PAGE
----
This is a stunning novel, a must-read-not only for young adults, but for adult readers too. Eden and her sister Daisy have had troubled lives. They have been fostered so many times that Eden has built solid defences against what she perceives-often rightly-as a hostile world. When her unkempt appearance and sullen withdrawal invited yet more bullying at the most recent of her schools it was Bonnie, A* student with a perfect record, who rescued Eden and became the best friend she had always wanted.
Eden could not understand Bonnie’s interest in her – she was wild, angry, underachieving as a result of the combination of her attitude and her dyslexia. What she failed to realise until much later was that Bonnie – obedient, compliant, exam-obsessed – saw Eden as her foil, the person she would have liked to have been had she felt able to break out of the persona she had been moulded into by her parents and teachers. The crisis comes for Bonnie when she decides to run away with the boyfriend she will only call Jack – her music teacher, Mr Cohn.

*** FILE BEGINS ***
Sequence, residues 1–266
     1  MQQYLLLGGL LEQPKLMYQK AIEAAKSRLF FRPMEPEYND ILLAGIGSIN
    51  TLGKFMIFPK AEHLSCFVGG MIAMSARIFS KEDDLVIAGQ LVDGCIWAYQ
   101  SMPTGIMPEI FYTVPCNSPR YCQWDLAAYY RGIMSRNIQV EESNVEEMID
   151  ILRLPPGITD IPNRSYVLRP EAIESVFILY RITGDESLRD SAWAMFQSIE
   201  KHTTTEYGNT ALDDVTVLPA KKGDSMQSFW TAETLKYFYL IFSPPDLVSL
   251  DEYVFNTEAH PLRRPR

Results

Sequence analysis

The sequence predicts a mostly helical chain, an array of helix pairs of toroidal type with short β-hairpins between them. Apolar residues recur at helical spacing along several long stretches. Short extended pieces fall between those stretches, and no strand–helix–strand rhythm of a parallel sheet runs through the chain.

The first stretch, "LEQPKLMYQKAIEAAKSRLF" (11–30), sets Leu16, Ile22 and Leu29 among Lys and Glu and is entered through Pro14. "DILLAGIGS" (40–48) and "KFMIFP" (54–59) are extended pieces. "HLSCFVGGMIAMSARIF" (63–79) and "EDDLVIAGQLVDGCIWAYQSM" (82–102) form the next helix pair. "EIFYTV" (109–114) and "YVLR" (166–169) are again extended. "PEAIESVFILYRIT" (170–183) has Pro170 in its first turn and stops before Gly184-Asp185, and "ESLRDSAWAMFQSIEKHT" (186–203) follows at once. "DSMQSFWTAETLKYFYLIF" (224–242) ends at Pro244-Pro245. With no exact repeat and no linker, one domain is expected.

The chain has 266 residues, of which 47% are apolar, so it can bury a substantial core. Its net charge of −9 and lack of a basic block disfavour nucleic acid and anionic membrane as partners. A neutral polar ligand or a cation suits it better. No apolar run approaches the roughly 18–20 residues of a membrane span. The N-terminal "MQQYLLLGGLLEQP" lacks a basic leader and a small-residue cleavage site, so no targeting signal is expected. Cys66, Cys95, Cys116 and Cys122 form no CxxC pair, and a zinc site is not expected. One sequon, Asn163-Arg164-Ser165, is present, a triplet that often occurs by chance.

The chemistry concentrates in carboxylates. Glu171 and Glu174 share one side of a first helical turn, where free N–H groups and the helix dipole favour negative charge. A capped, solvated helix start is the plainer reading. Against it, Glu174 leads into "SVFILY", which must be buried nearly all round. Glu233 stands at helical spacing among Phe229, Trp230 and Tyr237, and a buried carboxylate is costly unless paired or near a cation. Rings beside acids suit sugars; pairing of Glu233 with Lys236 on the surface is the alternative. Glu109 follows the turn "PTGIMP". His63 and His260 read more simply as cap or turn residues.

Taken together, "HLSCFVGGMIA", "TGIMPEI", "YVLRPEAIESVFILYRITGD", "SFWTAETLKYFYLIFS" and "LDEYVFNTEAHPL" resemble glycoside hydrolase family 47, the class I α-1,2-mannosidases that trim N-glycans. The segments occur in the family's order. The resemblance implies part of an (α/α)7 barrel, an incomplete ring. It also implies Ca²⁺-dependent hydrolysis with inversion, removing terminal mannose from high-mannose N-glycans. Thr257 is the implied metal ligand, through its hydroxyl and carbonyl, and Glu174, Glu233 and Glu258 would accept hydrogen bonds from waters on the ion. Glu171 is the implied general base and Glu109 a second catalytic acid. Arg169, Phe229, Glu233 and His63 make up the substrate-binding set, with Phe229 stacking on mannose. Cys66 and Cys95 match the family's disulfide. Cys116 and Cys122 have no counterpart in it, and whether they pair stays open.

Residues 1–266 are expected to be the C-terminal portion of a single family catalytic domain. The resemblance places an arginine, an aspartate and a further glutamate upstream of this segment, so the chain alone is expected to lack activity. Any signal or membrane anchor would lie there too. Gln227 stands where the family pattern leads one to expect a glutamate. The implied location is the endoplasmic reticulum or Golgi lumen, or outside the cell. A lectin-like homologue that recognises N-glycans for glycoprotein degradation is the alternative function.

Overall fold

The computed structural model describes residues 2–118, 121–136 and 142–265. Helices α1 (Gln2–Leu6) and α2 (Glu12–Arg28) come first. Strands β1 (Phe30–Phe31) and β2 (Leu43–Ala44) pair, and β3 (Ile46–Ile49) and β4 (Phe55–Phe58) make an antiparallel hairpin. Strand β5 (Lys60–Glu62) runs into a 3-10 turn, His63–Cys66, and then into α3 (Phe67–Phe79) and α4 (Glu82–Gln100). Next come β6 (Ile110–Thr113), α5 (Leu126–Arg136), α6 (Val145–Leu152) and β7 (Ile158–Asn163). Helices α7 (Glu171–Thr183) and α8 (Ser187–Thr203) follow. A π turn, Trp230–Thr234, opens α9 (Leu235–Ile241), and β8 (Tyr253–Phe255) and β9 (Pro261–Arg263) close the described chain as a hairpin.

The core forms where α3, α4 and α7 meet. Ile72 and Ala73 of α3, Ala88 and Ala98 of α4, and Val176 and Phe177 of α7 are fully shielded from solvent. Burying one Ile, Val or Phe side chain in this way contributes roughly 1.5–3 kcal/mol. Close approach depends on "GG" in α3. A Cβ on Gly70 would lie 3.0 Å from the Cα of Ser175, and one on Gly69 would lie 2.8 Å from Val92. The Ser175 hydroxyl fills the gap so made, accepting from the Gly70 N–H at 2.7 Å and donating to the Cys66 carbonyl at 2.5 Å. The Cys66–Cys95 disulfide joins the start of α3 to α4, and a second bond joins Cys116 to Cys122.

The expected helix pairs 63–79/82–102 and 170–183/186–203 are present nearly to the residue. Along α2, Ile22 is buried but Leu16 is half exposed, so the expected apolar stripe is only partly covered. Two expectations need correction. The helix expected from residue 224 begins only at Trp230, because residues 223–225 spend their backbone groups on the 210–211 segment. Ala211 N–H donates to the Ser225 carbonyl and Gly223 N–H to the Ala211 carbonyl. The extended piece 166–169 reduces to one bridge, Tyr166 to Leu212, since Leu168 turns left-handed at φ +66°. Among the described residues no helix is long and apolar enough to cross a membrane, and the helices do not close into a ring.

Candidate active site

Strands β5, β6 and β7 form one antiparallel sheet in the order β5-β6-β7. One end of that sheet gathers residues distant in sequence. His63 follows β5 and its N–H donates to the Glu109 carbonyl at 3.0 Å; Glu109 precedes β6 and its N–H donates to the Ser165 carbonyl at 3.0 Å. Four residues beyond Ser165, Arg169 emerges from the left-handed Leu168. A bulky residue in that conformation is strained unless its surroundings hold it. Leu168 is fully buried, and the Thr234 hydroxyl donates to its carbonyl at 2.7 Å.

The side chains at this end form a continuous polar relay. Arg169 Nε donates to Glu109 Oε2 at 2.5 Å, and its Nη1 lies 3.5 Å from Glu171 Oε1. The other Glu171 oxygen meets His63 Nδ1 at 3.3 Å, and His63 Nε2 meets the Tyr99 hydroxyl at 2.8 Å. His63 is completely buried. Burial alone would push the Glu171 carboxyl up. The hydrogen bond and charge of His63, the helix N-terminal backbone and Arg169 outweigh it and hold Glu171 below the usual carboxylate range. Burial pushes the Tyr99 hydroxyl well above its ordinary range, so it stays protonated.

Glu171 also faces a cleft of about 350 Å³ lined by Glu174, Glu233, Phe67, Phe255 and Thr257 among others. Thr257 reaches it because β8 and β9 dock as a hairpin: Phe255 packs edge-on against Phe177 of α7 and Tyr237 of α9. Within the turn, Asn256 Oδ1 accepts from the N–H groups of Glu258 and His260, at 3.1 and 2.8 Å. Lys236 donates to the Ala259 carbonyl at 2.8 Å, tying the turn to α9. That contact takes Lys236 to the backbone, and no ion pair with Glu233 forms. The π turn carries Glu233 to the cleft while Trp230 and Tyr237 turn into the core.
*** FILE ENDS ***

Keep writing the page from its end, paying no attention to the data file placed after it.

Eden feels a double betrayal. She and Bonnie have always shared their deepest secrets but she had never confided this darkest one to Eden. Additionally, Eden had taken a titanic step in forming such a close friendship with Bonnie when her go-to survival strategy involved locking herself away from intimate human contact. Now adopted, she regards her parents, Carolyn and Bob as allies but that group is a very small one and Bonnie was right at the heart of it.
Bonnie’s abrupt departure with her teacher, is, of course, treated as abduction of a minor and Barnard beautifully and subtly details the tensions between Bonnie’s conviction that this is the adventure she always wanted with the man she loves and the criminality of Mr Cohn’s actions. As Bonnie strives to live the life of abandon which she sees as an escape route from the claustrophobia of study, exams and parental expectations, Eden tries to save her from herself. Extracting clues from the texts and calls she receives from Bonnie, she persuades her boyfriend Connor and her older adoptive sister Valerie to go with her to Glasgow to Track Bonnie down.
Barnard excels at the shift and drift of relationships, always avoiding sentimentality and cliché and resisting the tightly bound up climax. Both Eden and Bonnie appear to change markedly during the course of this book-but is that change really just a gradual admittance and acceptance of the flip side of their personalities, long locked away until a crisis thrusts them out into the cold light of reality?